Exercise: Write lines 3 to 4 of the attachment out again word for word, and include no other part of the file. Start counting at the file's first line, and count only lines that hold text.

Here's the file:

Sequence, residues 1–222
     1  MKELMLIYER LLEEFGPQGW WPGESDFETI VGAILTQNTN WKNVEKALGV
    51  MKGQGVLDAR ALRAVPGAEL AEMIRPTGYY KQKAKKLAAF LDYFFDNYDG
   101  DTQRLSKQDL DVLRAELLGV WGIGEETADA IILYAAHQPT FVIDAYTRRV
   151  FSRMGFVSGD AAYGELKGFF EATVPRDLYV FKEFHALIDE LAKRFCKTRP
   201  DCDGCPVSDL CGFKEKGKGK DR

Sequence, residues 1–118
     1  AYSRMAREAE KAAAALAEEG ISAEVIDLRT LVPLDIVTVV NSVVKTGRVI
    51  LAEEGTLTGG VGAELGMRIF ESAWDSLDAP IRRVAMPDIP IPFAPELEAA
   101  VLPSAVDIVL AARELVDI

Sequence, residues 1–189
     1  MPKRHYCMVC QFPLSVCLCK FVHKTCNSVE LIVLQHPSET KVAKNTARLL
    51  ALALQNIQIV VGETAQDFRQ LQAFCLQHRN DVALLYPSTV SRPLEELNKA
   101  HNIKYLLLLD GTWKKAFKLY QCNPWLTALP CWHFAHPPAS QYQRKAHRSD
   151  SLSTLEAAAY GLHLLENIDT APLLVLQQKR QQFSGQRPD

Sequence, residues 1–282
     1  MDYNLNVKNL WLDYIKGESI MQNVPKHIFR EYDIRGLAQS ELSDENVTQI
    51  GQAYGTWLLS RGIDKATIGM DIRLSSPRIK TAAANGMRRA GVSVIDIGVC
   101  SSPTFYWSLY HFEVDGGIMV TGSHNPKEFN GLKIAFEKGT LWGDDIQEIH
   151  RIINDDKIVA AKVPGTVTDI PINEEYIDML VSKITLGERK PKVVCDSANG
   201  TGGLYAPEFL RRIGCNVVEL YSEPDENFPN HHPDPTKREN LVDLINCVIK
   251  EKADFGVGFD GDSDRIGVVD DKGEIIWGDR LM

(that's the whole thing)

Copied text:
    51  MKGQGVLDAR ALRAVPGAEL AEMIRPTGYY KQKAKKLAAF LDYFFDNYDG
   101  DTQRLSKQDL DVLRAELLGV WGIGEETADA IILYAAHQPT FVIDAYTRRV